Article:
Myanmarese refugees find no solace

They live in cramped one-room homes without adequate water, food

Several villages in west Delhi have emerged as the base of thousands of Myanmarese families, who have been forced to seek shelter due the conflict back home. One of them, Budhela, has emerged as the capital’s ‘Burma Town’. 

The military regime’s conflict with its political opponents and ethnic groups has displaced lakhs of people in Myanmar over the decades. Persecution due to ethnicity, religion and political opinion are cited as the main reasons for seeking asylum in neighbouring countries. 

Some one lakh people have taken shelter in India, and according to the United Nations High Commissioner for Refugees (UNHCR) there are 8,306 registered Burmese refugees, including 3,924 women, in Delhi.

“We decided to come to India due to fear of getting killed in Burma. We first sneaked into Bangladesh, where we spent three-four months, after which we managed to sneak into India,” says Siupam, who came to India from Myanmar’s Chin state.

They hope for a better life in Delhi but a visit to Budhela village reveals that most families struggle for basic necessities such as food, clothing and shelter. They live in cramped one-room tenements without kitchen facilities and running water, and the area seems to have been devoid of development in recent years. In addition, the inability of many refugees to communicate in English and Hindi also make them vulnerable to harassment.Often the only document they carry is a UNHCR card, so the jobs they get are in the informal sector – casual workers, waiters, beauticians and security guards. There is also a ‘Refugee Assistance Centre’ in the village where Burmese refugees learn skills that they hope will help in getting jobs in the informal sector.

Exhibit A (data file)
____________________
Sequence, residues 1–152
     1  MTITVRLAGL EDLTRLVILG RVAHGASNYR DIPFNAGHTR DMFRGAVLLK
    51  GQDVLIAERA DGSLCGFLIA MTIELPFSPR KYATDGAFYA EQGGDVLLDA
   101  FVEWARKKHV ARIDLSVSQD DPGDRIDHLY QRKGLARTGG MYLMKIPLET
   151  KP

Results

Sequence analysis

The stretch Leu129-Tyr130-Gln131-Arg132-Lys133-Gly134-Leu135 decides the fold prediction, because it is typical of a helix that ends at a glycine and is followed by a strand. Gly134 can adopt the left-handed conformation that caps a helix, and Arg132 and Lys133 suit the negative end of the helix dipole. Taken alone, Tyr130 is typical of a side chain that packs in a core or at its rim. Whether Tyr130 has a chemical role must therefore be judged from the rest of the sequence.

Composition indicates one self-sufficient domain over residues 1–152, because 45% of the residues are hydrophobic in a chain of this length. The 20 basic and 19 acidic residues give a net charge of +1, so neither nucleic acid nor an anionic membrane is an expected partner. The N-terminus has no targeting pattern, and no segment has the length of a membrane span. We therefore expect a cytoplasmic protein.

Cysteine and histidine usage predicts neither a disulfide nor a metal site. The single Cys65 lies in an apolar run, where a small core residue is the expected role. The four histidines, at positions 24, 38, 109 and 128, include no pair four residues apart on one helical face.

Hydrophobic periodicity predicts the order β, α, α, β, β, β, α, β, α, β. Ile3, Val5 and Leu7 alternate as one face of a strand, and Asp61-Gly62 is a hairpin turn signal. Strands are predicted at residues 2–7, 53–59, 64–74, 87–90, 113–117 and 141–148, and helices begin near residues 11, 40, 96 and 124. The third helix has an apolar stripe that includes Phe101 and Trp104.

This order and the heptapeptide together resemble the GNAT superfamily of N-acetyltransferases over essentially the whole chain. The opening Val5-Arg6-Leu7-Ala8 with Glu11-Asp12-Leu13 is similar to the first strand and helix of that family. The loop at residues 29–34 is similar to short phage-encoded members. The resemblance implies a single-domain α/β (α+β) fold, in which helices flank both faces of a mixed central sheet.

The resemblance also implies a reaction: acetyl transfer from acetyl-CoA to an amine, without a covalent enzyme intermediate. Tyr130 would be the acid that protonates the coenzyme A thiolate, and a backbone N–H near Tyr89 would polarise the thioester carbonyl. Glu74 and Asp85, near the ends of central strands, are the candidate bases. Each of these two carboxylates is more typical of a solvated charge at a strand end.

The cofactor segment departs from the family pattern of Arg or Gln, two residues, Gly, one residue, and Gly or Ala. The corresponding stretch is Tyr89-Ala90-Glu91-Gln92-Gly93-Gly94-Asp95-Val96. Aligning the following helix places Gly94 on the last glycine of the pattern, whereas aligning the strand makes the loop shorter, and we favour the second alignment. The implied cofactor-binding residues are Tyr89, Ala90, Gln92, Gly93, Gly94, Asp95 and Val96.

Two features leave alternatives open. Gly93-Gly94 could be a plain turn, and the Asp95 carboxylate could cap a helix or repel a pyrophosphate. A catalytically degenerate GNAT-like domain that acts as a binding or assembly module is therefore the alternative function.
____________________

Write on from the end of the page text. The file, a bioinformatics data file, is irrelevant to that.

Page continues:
Kaingur, 43, was a farmer in Myanmar, who fled to Mizoram in August 2002 with his wife and three children. In Mizoram, he worked as a labourer with a road construction contractor and sold vegetables. But the earnings were barely enough to feed the family, so they came to Delhi in 2002. 

After a long phase of unemployment, Kaingur found work as security guard with a restaurant in west Delhi’s Rajouri Garden and currently earns Rs 5,000 per month. With a room rent of Rs 1,500 along with other expenses, his family still barely manages to scrape through the month.

“Living conditions here are bad and we don’t get any assistance from the government. We are also forced to frequently shift houses as we are not able to afford them,” he says.

A recent report from the Burma Centre in Delhi says fleeing to India and particularly the capital has provided little solace. It says life in Delhi has turned into another nightmare for the refugees. 

Several women told the Centre that they continue to live in the fear due to the treatment they received at the hands of locals. They allege physical abuse, molestation, sexual assault and rampant discrimination, be it at their rented houses, workplaces, public spaces or even on the streets. 

“To add to their woes is the difficulty of finding work and complying with the demands of local employers. They don’t report sexual assaults for fear of social stigma and shame. Even those cases that are reported to police stations are either not registered or result in the victim being put under pressure to abandon prosecution in exchange for cash,” the report says.

India has not signed the 1951 United Nations Refugee Convention and does not have a refugee law, but the rights of refugees and asylum seekers are protected by the Constitution. They have access to health care and their children can go to school.       

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